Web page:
Five FOODENGINE fellows are focussing on quality design of FVL-based foods. ESR1 is studying the change in volatile profile of sterilised chickpeas during storage. In addition, ESR1 is looking into the potential of chickpea flour to be used as a natural thickener in vegetable-based systems. The influence of physical barriers on the in vitro digestion of macronutrients (i.e. starch and protein) in different pulses is currently being investigated by ESR4. ESR5 is comparing the potential of conventional and spectroscopic methods to characterise the colloidal stability of a plant-based drink. The impact of processing and storage on the colour and flavour retention of strawberry-based products is being studied by ESR11. ESR12 has produced a series of functionalised legume-based ingredients rich in proteins and is currently optimising several methods to evaluate the functionalities of these ingredients (e.g. foaming and emulsion properties).

Three fellows are linking food quality design to sensory properties and consumer acceptance of FVL based products. ESR6 is looking into the flavour changes of different shelf-stable vegetable and legume-based products during storage linking instrumental and sensorial methods. ESR7 is optimising different analytical methods to characterise the physicochemical parameters and sensory attributes of a soup across shelf-life in order to link analytical parameters with consumer acceptance. ESR8 is developing a cross-cultural survey to understand consumer attitudes and behaviour towards pulses. The survey has successfully undergone a pilot trial and will be launched soon.
FOODENGINE aims to train a new generation of scientists to introduce new ways of thinking into the area of FVL-based product and process design. The general idea of ‘enginomics’ can be transferred to a wide range of food products. Consequently, it is highly relevant for the food industry. The research findings and fellows trained in FOODENGINE will effectively strengthen the innovation capacity of the European food (ingredient) industry. FOODENGINE will have an impact on the sustainable development of the European food industry. Based on the scientific approaches that will be developed in FOODENGINE, the currently applied experience-based approach for shelf-life estimation can be replaced by a scientific enginomics-based approach for optimal prediction of best-before-dates, allowing to better manage food losses. In addition, through the focus on transformation of FVL-based raw materials and associated side stream in food ingredients and foods, the project will largely contribute to the development of future food systems with minimal climate impact (sustainable and food waste reduction) and maximal human health benefits. Given the large-turnover character of the industrial FOODENGINE partners and their extensive network, the impact of the developed science-based approaches on the food industry can be estimated high. In addition, the project scope can be linked to important ongoing socio-demographic trends such as increased urbanisation (increased demand for convenience foods) and population growth (need for more sustainable protein sources). Knowledge generated within FOODENGINE will most likely lead to multiple product innovations. Since FOODENGINE focuses on shelf-stable foods, these innovative food products will be able to be exposed to consumer markets worldwide.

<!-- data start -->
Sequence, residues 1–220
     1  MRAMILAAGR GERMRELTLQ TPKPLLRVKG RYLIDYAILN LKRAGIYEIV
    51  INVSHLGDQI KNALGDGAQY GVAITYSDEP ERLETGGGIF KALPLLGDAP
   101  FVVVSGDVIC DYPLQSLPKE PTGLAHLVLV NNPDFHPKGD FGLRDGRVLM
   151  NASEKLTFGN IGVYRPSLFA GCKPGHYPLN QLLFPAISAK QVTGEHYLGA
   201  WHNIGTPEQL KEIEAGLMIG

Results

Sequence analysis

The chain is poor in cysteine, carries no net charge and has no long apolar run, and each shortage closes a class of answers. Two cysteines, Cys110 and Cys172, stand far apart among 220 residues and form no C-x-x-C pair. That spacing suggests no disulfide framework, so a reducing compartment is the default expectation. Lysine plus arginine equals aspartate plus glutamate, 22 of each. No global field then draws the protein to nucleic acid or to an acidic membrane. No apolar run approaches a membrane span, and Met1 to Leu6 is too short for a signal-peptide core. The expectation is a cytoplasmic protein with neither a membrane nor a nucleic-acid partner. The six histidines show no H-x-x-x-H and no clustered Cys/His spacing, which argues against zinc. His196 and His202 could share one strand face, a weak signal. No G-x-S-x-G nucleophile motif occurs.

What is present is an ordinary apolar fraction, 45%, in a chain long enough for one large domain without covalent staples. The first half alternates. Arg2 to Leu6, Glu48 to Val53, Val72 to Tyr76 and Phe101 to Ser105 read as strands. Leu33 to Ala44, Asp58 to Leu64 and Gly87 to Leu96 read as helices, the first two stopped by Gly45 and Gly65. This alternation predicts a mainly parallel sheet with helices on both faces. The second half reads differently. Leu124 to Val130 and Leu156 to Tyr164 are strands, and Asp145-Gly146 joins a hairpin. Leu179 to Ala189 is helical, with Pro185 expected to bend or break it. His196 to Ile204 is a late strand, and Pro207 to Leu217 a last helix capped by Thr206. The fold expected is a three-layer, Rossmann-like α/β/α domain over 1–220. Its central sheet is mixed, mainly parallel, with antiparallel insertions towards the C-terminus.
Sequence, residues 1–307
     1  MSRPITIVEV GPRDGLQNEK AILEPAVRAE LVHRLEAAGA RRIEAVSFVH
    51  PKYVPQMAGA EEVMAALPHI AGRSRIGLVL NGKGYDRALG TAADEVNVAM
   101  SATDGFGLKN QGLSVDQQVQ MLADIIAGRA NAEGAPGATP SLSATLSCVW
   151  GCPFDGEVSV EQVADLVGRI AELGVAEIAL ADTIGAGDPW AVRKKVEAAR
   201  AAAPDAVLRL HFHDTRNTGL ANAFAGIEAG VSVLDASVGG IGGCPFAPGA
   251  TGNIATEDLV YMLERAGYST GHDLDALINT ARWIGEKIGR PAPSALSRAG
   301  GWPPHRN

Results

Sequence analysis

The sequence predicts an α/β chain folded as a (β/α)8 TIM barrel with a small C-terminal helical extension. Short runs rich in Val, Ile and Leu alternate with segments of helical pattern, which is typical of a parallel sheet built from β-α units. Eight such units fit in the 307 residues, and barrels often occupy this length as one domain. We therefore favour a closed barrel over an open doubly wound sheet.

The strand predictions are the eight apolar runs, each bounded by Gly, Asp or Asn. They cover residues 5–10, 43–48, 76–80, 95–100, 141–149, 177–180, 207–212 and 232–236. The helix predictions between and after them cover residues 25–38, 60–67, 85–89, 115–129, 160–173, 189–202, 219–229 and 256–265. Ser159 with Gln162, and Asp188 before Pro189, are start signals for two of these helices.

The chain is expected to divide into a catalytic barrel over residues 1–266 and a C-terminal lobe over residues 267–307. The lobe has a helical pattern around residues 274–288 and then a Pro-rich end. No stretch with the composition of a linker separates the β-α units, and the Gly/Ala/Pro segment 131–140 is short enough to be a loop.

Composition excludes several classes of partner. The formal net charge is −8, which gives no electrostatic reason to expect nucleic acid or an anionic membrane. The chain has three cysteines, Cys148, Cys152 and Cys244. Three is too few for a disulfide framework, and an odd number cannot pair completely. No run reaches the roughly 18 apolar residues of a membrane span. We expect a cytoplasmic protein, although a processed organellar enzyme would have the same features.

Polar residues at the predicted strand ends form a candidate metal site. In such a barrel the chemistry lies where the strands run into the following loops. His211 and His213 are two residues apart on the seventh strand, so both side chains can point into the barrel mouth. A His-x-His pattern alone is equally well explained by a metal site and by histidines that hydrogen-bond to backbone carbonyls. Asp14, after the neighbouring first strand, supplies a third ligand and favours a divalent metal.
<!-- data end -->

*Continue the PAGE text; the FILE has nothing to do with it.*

Research matrices FOODENGINE